Colitis refers to general inflammation of the inner lining of the colon. It can have multiple causes including infection and Crohn’s disease. It’s the inner lining of the colon.

What is Colitis?

Colitis is a condition characterized by inflammation of the inner lining of the colon. It’s important to note that while some people may refer to ulcerative colitis as simply “colitis,” the two conditions are distinct.

There are various types of colitis, each with its own set of symptoms and causes of inflammation in the colon. Here are a few common types:

– Ulcerative colitis (a form of inflammatory bowel disease) – This type leads to irritation and swelling of the large intestine.
– Microscopic colitis – It causes chronic watery diarrhea.
– Ischemic (ischaemic) colitis – This occurs when there is insufficient blood supply to the colon.
– Infectious colitis (food poisoning) – This results from the ingestion of bacteria or viruses.

At The Gut Clinic UK, our experts are well-prepared to treat all forms of colitis and other gastrointestinal conditions. We encourage you to get in touch with your local specialist at The Gut Clinic UK to explore treatment options tailored to your specific condition.

What is Colitis?

Colitis can be caused by various factors that lead to inflammation of the colon’s inner lining. Here are some common causes:

– Ischemia: Loss of blood supply to the colon.
– Crohn’s disease: A chronic inflammatory condition that can affect any part of the digestive tract, including the colon.
– Inflammatory bowel disease (IBD): A group of disorders, including Crohn’s disease and ulcerative colitis, characterised by chronic inflammation in the gastrointestinal tract.
– Allergic reactions: Some individuals may experience colitis as a result of allergic responses to certain foods, medications, or other substances.
– Infections: Parasites invading the body can cause colitis.
– Collagen or lymphocytic invasion: The colon wall may be infiltrated by collagen or lymphocytic white blood cells, triggering inflammation.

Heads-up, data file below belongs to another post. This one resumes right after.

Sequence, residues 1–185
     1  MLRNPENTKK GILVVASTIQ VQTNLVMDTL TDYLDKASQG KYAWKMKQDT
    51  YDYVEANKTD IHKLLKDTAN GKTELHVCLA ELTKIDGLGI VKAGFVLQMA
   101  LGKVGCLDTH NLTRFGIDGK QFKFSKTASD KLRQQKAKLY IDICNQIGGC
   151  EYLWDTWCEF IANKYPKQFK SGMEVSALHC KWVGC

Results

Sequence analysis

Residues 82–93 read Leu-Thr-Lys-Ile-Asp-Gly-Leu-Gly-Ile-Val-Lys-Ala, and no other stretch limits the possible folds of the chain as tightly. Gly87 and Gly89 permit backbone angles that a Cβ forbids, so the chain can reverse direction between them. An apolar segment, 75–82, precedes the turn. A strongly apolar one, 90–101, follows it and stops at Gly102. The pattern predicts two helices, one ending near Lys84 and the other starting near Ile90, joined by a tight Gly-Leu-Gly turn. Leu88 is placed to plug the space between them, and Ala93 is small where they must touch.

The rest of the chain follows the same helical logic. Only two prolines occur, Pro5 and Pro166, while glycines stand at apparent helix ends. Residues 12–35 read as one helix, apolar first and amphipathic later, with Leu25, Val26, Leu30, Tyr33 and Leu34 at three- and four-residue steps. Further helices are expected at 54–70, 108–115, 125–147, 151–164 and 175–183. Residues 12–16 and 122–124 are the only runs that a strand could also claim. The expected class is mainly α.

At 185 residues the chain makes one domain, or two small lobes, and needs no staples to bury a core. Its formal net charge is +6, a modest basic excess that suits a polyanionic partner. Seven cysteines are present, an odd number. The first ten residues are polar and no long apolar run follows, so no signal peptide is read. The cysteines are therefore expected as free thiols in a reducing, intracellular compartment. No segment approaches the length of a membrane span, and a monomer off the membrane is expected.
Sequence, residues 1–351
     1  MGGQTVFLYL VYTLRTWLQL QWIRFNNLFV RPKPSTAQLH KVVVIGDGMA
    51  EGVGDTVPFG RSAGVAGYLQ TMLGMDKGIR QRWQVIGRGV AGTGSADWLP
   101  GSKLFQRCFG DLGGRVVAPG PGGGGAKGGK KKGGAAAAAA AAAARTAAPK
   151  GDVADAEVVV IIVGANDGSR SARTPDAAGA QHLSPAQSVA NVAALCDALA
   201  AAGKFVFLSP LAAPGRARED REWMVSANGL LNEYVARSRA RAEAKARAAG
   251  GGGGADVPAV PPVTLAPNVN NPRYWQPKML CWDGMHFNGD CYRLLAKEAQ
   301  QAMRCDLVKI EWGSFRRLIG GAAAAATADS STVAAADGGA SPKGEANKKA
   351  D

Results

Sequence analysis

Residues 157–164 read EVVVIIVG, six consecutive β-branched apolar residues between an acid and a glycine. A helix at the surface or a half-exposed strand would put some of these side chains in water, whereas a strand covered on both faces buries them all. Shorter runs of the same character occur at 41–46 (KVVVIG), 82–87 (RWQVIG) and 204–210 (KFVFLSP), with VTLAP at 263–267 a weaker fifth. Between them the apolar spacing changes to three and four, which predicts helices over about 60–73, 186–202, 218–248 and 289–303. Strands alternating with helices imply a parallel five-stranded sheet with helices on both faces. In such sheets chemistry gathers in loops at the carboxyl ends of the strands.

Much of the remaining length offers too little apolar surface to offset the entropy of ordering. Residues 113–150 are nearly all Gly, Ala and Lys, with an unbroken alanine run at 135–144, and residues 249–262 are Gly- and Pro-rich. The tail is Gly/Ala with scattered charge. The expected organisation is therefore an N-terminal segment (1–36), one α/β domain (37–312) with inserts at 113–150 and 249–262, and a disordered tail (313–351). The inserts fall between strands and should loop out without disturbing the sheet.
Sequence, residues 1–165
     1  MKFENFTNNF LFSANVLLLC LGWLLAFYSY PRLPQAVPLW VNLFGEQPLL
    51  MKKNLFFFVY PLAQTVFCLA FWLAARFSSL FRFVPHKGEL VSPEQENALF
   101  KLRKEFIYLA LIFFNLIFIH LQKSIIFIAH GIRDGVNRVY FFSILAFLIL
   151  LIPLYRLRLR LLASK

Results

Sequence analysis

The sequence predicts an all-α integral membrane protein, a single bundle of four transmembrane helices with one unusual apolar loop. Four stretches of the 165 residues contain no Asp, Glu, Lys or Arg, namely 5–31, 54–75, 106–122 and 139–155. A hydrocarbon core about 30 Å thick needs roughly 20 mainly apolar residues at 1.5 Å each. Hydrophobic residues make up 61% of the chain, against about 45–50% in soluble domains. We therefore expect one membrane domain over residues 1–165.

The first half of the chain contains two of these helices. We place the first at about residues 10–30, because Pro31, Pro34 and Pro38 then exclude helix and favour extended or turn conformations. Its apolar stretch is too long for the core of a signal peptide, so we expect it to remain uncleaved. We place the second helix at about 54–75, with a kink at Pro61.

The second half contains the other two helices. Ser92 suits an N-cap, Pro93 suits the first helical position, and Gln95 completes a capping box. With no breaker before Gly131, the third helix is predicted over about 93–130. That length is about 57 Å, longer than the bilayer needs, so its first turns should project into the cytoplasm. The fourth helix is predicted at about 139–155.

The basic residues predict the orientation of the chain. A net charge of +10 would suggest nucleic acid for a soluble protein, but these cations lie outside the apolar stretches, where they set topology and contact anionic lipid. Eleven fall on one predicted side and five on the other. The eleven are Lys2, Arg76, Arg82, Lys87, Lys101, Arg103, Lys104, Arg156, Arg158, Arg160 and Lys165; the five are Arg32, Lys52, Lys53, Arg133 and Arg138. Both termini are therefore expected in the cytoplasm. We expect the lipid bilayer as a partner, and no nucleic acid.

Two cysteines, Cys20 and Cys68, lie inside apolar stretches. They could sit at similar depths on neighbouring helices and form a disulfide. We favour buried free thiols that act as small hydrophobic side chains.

– Medications: Certain over-the-counter and prescription drugs, such as nonsteroidal anti-inflammatory drugs (NSAIDs) and mycophenolate, have been associated with colitis.

No matter the underlying cause of your colitis, you can find assistance from specialists at The Gut Clinic UK who are experienced in treating this condition. Reach out to your local specialist to learn more about the specific causes of colitis and available treatment options.

What are the symptoms of colitis?

Symptoms of possible colitis include:

– Fatigue
– Depression
– Rapid weight loss
– Changes in bowel habits (including constant urge to have a bowel movement)
– Fever and/or chills (signs of infection)
– Ulcers on the colon
– Pain in/of the joints, or colon (abdomen) which can come in waves or be constant
– Tenderness in the abdomen
– Cramping
– Diarrhea (with or without blood in the stool)
– Eye inflammation
– Canker sores
– Blood in the stool

If you are experiencing any of the above symptoms consistently, please call any of our specialists in your local area.

What are the treatment options for colitis?

– Common treatments across all types of colitis can include:
– Painkillers
– Stabilisation of vital signs
– Rehydration of the body – orally or intravenously
– Common IBD medications
– Adjustment of diet
– Depending on the cause of the colitis, treatment options may vary.
– Infections – If the infection is caused by bacteria then antibiotics can be prescribed. If the infection is viral then keeping the body hydrated and allowing time to pass are the best ways to treat the colitis.
– IBD – If the cause of the inflammation comes in consequence of Crohn’s disease or ulcerative colitis then anti-inflammatory medications may be used initially and medications that suppress the immune system can be added if necessary. Surgery may be necessary depending on the severity of the colitis.
Ischemic colitis- The main treatment for Ischemic colitis is to hydrate the body with intravenous fluids and to rest the bowel. If blood supply is not restored to the colon then surgery might be necessary to remove those parts of the colon that lost blood supply.
– Microscopic colitis- In some cases, the body can heal itself. It can also be treated with anti-diarrheal medication and some steroids, adjustment of diet, and rarely, surgery.

When should I see a doctor about Colitis?

If you experience persistent diarrhea for more than two weeks, notice blood in your stool, have a fever or dehydration, or if you have abnormal abdominal pain that worsens over time, it is important to seek medical attention from a doctor. If you are specifically seeking a specialist to treat or manage colitis, The Gut Clinic UK offers a team of dedicated professionals who can assist you. At The Gut Clinic UK, our specialists are at the forefront of innovative treatments for colitis and other conditions. We prioritise patient-centered care to improve the quality of life for individuals. To learn more about colitis and available treatments, please contact any of our local specialists.


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